HOOVER, Ala. -- By the time the Arkansas Razorbacks appeared for their two-plus hours of fame at SEC Football Media Days, 12 other teams had been endured.
Georgia's Kirby Smart almost filibustered with an opening statement that took 20 of his 30 minutes with the print media.
The deadpan humor of Ole Miss' Lane Kiffin was the highlight of the week.
Twenty-four players had been interviewed before the Hogs.
And Texas and Oklahoma of the Big 12 had stolen the show as stories broke about their interest in joining the SEC.
By the time Sam Pittman got to the podium, most media members were tired. The Hyatt Regency cranks the air down to about 60 degrees, so everyone was cold. And outside of the handful of Arkansas media, there wasn't a ton of interest.
That's what happens when you are 11-35 the past four seasons, and your resume includes losses to directional schools from Kentucky and Texas.
One member of the media stopped by to ask whether the Razorbacks were going to be better. The other 400 or so ignored me.
There was not a total lack of respect. The Hogs were voted to finish sixth in the SEC West ahead of Mississippi State, and Treylon Burks was named first team All-SEC. Linebacker Grant Morgan, defensive back Jalen Catalon and center Ricky Stromberg made second team, and Myron Cunningham was named to the third-team offensive line.
That's five Hogs out of 80 players who were honored.
Those who cover the Hogs were glad the team we were there to report on was in the building, and not just because it meant the last day had arrived.
Pittman said he had watched five of the news conferences on the SEC Network so he would be familiar with how things work after his first appearance was canceled by covid.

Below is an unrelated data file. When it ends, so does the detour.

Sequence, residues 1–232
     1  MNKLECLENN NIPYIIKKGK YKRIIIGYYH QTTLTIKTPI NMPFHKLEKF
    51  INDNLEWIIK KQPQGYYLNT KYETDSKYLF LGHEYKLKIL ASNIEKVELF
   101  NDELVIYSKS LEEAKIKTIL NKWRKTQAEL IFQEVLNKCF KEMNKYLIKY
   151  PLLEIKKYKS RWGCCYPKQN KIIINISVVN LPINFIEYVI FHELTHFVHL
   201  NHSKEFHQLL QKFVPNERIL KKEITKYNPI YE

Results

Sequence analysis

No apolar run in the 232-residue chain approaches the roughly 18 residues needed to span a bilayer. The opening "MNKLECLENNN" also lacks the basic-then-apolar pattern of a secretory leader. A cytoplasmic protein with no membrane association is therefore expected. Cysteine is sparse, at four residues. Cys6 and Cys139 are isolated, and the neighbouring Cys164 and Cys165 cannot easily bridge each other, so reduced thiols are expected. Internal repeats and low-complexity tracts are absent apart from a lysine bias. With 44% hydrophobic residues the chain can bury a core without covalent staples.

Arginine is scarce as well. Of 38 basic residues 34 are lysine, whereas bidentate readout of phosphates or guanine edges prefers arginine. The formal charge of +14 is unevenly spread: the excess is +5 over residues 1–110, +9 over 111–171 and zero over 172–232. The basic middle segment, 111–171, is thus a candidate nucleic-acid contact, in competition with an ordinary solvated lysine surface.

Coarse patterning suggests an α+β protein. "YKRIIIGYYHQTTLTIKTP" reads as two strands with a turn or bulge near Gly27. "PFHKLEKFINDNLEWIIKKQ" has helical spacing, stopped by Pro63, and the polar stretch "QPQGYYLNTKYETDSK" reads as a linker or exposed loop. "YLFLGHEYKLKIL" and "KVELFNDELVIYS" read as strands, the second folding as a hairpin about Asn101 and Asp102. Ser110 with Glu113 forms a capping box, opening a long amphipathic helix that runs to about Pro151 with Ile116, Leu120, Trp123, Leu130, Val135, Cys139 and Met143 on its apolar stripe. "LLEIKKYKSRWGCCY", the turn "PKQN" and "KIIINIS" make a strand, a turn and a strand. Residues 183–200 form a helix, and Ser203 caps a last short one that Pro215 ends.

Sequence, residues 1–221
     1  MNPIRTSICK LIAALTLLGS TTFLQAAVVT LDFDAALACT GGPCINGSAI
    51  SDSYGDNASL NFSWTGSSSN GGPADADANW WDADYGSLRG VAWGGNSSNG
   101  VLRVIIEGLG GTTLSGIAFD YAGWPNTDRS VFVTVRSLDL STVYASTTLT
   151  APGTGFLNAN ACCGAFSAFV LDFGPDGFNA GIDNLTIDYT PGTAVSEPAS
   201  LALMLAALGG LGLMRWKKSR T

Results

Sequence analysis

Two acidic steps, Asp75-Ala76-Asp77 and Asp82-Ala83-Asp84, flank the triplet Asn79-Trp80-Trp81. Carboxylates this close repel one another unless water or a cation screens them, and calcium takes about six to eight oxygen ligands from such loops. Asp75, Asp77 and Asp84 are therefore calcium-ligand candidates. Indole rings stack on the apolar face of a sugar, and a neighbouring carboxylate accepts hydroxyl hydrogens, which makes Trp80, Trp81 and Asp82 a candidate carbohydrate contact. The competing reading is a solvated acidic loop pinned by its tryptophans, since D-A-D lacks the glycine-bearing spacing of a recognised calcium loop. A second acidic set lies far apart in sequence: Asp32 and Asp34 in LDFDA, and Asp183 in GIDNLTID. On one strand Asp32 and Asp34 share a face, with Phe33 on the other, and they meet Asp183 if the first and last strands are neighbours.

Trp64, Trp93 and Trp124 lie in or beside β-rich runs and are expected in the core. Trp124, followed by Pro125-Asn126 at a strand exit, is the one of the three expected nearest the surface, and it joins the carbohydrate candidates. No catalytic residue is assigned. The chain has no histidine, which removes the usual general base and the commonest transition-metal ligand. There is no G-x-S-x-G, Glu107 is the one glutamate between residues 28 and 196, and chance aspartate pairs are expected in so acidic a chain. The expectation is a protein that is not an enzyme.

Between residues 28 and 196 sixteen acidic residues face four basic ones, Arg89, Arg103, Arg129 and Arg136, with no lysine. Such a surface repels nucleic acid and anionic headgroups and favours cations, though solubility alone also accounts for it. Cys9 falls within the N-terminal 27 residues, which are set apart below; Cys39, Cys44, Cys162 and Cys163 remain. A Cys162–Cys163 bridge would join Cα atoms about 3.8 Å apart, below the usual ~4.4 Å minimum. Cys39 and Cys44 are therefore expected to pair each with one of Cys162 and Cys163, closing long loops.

Pittman was tanned and looking healthy. He genuinely seemed happy to be there and talk about his team and staff.
Pittman is an optimist, which is exactly what the Razorback fans need.
He didn't pump a lot of sunshine or make big promises.
He simply said he believes they have enough players to have a good football team "as long as we buy in and we work hard and we execute."
Another way to say that is there will be little margin for error. Turnovers could ruin the season in a hurry.
He's also preaching the power of positive thinking.
"I mean, you can't beat anybody if you don't start out thinking you're go to or believing your going to," he said. "I think that has changed over the last year."
He took over a team with little discipline and less confidence. Morale had gone somewhere in a handbag in the two years Chad Morris was the head coach.
The Razorbacks shocked everyone but themselves last season by winning three games in a 10-game SEC-only schedule.
Their schedule was brutal, and there's no reason to believe the SEC is going to give them a break if the Longhorns and Sooners join the league.
From listening to Pittman on Thursday as well as Morgan and Cunningham, the offseason had a specific emphasis -- get bigger, stronger and faster.
Pittman knows there was some success. He also knows his team is under the radar.
No one has the Arkansas game circled. For most of the past four years, the Razorbacks have been more of a homecoming team than a threat.
If they had been better, Pittman wouldn't have been standing there last week being positive about where the team is and where it needs to get.
Pittman knows what it takes to win in the SEC, and he's putting the pieces together as fast as he can. And he handled his first SEC Media Days very well.